Barbara Sternberg by Mike Zyrd


Stan Brakhage has called the main formal trope of Transitions "eidetic­-beseeming superimpositions." Expanded upon, this phrase summarizes some of the complexities of Barbara Sternberg's film oeuvre. Multi-layered sound and image tracks, through superimposition and split-screen optical printing, and a number of mixed sound sources, create spatial juxtapositions and a temporal simultaneity of experience for the viewer. We are removed from the simple linearity of clock time and set in the far more complex and enigmatic realm of experience that founds the life of the imagination.


The complex texture of Sternberg's films is nevertheless consistently characterized by a unity and economy that avoids the episodic and often technique-obsessed tendencies of weaker "experimental" films attempting to portray a "personal vision." It is this same unity and economy that accounts for the "eidetic" state evoked in the viewer by her films. For if the eidetic refers to that region of visual memory so accurate and detailed that it manifests itself as a kind of intense, singular epiphany, then we understand how Sternberg's images are so quietly insistent.


It is, however, another quality of the unity of Sternberg's films which forces Brakhage to qualify them as "eidetic-beseeming." The sense of time at work in her films is extremely fluid, at once rhythmic and outside the flow of time. It is as if the experience of these images and sounds pulls us out of the everyday into a different stream of consciousness. This fluidity works against the singular immediacy of the eidetic; one remembers watching a Sternberg film almost as if it were a loop. In an artist's statement, Sternberg names her areas of concern as 'time, motion, repetition, perception of reality, memory." Narrative, with its linear movement and mechanisms of build-up and climax, is undercut in favour of a structure of accumulation (playing on our memory of the film's images as they unwind before us during projection) and restrained closure (both Transitions and Opus 40 end with the images that begin them). We can perhaps best approach her films by understanding them as sites and occasions for contemplation, often shot through with anxiety, but laced with moments of tenuous beauty.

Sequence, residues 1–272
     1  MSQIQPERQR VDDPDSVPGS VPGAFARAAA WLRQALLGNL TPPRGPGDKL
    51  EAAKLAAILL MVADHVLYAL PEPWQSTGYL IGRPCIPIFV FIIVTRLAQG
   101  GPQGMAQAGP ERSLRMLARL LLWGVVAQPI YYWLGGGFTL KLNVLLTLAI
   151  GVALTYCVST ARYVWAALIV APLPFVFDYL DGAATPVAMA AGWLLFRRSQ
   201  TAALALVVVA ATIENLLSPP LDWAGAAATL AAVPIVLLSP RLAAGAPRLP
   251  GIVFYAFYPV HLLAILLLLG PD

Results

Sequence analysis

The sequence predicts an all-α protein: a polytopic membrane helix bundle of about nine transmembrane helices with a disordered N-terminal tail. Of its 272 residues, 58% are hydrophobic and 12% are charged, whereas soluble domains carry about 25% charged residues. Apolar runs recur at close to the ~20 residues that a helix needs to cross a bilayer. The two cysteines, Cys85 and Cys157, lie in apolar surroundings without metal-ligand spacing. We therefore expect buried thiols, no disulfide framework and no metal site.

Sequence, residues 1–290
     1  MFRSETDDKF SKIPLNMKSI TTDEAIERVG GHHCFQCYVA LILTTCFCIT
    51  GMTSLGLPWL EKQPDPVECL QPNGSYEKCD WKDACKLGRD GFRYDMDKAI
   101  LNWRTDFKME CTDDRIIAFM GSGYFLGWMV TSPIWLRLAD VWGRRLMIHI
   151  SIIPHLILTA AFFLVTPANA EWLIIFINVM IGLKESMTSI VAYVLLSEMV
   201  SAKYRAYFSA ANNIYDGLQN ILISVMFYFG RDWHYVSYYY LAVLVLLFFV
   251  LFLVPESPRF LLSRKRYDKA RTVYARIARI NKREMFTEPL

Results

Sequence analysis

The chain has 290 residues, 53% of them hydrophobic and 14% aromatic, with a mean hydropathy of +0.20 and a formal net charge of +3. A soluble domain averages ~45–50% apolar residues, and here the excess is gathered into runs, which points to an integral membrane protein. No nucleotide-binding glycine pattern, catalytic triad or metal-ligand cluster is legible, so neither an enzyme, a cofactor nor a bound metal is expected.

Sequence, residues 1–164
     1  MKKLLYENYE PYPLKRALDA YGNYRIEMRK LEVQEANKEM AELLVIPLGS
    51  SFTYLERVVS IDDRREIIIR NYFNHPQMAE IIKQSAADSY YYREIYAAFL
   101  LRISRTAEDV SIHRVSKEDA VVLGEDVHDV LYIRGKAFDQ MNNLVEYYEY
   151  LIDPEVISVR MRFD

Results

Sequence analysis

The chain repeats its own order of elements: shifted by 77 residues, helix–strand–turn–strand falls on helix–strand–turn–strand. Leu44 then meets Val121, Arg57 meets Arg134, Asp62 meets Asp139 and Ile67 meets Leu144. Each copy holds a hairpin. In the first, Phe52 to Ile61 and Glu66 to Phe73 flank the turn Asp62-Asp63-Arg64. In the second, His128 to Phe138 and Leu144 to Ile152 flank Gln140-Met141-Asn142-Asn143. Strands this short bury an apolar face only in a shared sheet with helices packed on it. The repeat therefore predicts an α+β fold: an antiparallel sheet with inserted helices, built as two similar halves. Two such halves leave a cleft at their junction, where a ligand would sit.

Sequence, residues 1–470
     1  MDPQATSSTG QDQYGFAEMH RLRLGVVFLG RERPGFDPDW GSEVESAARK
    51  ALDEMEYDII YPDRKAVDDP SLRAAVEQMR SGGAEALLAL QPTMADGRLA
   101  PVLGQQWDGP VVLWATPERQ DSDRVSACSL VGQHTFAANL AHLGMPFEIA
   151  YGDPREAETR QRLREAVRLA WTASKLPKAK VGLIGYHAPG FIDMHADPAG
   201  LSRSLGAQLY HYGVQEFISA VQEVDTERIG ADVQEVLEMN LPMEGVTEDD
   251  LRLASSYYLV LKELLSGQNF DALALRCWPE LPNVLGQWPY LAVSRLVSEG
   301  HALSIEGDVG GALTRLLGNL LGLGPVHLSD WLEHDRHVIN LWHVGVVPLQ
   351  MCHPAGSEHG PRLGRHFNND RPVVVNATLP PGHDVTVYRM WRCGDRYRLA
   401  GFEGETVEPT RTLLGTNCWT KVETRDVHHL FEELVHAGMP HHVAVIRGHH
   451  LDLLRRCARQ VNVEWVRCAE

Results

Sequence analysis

Transitions (1982) is the most obviously dream-like of Sternberg's films. It centres, as its lone visual text tells us, on the "purgatory" between sleeping and waking, that intersection of the conscious and the unconscious most vivid for the insomniac. Superimposition is indeed the main device, allowing for a delicate but dense layering (sometimes up to four superimpositions at once) over the recurring image of a woman, dressed in white, laying down, and sitting up on a bed. This stream of the film is looped, and manipulated, sometimes superimposed over itself, with what could be called a nervous rhythm-in subtle contrast to the gentler motion of accompanying shots like a track past a snowscape, train tracks, waves at sea. Some images are disturbing, like the sudden intercuts to a swarm of bees-the most obviously surreal image of the film.


This urge to mimic the suspended time of insomnia is underscored by the sound track. It begins with the sound of wind, growing progressively louder, then fading to silence, followed in turn by a growing host of women's whispering voices. These voices, like a number of different ripples on a pool, in turn amplify and cancel each other out; their quality as sound is as important as the weight that the meaning of the words carry. We catch snippets of sentences, some cast as a refrain ("I've got to go to bed"; "change, change'"), some shooting through with resonant clarity ("When I dream there are no gaps"). These musings are alternately quotidien and philosophical, here at times too literal ("Time-is it reality or in the mind?") but fascinating for the conceit that a mediation on time can inspire a loss of our ability to order and control our experience of time.


Opus 40 (1979) is, as Sternberg says, "about repetition" or, as a quotation in the film from Gertrude Stein's The Making of Americans suggests, it is about "such a way of seeing, feeling, hearing, repeating." In some ways a more straightforward film than Transitions, it is at the same time more systematic and mesmerizing. The film was shot on Super-8 stock at the Enterprise Foundry in Sackville, New Brunswick. The images Sternberg culls from the 16mm blow-up are hazy, dominated by deep blue and gold tones, beautiful documents of the lines and light of the factory and of the methodical gestures of the workers working in assembly line fashion, building cast-iron wood stoves.


Here the main device is matte optical printing which divides the screen into two horizontal layers. Both layers depict the same worker repeating the same actions, but obviously shot at different camera distances; this repetition is not a loop-a reprinted section of film-but a document of a "real" loop, a function of the cycle of real labour. Sternberg's own work in the construction of her film parallels the labour of the foundry. Repetition in Opus 40 is not a mechanical function of the film apparatus (photographic reproduction, the strict metric course of film projection at twenty-four frames per second); rather, it is subject to the varied and ineffable rhythms of human work in Sternberg's optical printing and editing. What becomes interesting is how much surprise and refinement of vision arises out of a meditation on the regularity and predictability of repetition.